Here the first eggshell I found, and an early feather. Shot with a miniature vase – with the Lensbaby.
Since the last vaccination in the spring (Pfizer) I’ve found my taste buds have gone really weird. I lost my taste for Japanese food, and it has only now returned. What a delight to enjoy my favourite tea –Genmaicha Iri Matcha.
And I can’t close without referring to …. the cost of living crisis. Everything, but everything is shooting up in price. Food bills are creeping up week on week. And when there is no price rise we find that the quality or quantity of items has been reduced! Do they think we are idiots and don’t notice?? And our heating oil has had a 50% rise this Spring, with a bigger rise promised in the autumn. We have no gas supply in rural Scotland – and have never enjoyed a ‘price cap’ – so suppliers are free to charge whatever they want /0\ Electricity is another essential that is set to sky-rocket this autumn. So we do daily monitoring to get our usage as low as possible. Only use dishwasher once a week. PCs off unless specifically needed. Laptops and iPhones replace the PC. Lights and appliances off unless needed. It feels like wartime as describes by my parents! Scary when you think we are in summer … winter in the north of Scotland can be brutal! So as we leave June we are feeling sombre and wondering what disasters await us as 2022 progresses …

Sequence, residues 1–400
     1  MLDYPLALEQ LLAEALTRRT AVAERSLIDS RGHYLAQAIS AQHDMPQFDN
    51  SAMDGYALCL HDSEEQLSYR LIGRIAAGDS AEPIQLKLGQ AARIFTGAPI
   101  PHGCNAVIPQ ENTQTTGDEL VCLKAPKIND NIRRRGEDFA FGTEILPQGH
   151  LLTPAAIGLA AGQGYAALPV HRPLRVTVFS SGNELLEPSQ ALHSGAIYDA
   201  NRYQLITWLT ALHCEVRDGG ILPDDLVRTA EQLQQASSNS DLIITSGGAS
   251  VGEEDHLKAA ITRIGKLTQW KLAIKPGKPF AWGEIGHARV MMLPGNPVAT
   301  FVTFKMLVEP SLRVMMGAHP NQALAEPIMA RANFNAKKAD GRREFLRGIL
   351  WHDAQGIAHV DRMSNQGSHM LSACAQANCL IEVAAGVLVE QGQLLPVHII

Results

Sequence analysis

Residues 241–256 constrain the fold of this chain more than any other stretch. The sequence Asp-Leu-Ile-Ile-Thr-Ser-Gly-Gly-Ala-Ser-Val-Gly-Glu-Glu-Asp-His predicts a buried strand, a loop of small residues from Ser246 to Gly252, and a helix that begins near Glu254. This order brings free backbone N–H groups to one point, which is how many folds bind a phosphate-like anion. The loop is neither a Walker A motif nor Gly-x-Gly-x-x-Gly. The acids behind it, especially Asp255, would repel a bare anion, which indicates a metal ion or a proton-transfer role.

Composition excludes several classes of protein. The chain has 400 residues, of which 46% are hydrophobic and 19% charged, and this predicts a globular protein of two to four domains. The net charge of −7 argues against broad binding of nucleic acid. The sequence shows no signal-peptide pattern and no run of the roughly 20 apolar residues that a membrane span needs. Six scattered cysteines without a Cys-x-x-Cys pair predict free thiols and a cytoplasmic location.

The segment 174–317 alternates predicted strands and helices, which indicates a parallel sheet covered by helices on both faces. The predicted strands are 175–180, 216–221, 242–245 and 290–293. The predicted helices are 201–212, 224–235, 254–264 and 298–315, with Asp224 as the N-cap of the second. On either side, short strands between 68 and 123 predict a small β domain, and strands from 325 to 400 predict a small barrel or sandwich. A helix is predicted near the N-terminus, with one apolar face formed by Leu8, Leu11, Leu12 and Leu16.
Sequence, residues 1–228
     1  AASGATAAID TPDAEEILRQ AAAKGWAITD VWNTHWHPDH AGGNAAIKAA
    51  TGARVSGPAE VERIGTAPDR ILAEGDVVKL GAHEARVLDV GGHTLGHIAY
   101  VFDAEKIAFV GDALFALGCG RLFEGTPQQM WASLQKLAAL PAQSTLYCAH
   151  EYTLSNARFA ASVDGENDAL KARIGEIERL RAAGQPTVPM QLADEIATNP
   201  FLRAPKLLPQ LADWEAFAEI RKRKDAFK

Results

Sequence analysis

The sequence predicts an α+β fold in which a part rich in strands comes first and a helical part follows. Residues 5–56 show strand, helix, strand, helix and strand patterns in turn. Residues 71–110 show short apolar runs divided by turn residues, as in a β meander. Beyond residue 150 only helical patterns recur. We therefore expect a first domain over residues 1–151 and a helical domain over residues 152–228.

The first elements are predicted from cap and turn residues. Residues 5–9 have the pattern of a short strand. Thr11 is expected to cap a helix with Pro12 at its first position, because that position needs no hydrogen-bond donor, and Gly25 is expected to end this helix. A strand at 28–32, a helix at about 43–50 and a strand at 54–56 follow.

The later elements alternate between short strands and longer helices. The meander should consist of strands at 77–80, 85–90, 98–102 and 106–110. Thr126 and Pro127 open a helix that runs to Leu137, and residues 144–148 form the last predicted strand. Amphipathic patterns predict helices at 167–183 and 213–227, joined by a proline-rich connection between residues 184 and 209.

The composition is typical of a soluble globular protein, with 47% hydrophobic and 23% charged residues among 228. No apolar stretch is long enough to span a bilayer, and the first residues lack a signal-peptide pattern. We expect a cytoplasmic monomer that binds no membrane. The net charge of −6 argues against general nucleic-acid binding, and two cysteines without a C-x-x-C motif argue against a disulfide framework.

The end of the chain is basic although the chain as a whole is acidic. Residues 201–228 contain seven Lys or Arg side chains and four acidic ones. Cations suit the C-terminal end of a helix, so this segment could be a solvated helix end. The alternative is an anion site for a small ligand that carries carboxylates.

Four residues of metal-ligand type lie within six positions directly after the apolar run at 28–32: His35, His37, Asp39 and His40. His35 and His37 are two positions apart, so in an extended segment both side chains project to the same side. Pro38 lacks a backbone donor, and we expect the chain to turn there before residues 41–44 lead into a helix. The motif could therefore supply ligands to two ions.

May begins and the world here turns from Spring into summer. Mostly it is overcast with few sunny days, little rain – and there is a constant cold wind. But despite that, the crab apple and the Victoria plum trees are full of white blossom, and the azaleas and rhododendrons give the garden some magnificent colour! No matter how cold it feels, the colours warm me!
Even the dark and threatening sky can’t take away from the colourful world around us. There is such a lot of rape seed planted here this year!
In the rockery the delicate acer bushes have been suffering from so little rain, so we’ve been watering them carefully to keep them growing! Caught here is a burst of late evening light.
As the month started the crab apple tree began to turn a deep pink – a sure sign the blossom is on its way. Caught in the late sun, every branch and twig is glowing with the promise of the visual delight to come.
As the weeks pass the flowers open, and the evening air is filled with a scent of almonds. Such a beautiful extravaganza of pinks and white. When the sun catches them, the delicate pinks and white of the flowers really shine.
In the wider world the rape seed and barley fields set patterns of yellow and green that fill the world. Sometimes it feels like moving through a colourful jigsaw.
The skies might be full of stormy signals, but the rainfall is still very low, sometimes nothing – at most 23 mm over an entire week.
But the garden is a riot of colour! This is the best time of year, when all the rhododendrons and azaleas are in full bloom. We planted an entire hedge of yellow Azalea Luteum some 6 years ago.
The Azalea Luteum were expensive plants, but they are the only azaleas that have a scent … and so far they have weathered all the storms and winter freezes.
And indoors? I’ve had little time for either painting or photography, as we have our friend, Laurie Kern across from America this month. But I am reading about the history of colour – fascinating!
The months of April and May have both been shaped by Laurie’s visit. It is so long since we had anyone to stay, even for a few days! So the spare room needed to be prepared, and an enormous amount of ‘stuff’ moved into loft, sheds, and other spaces!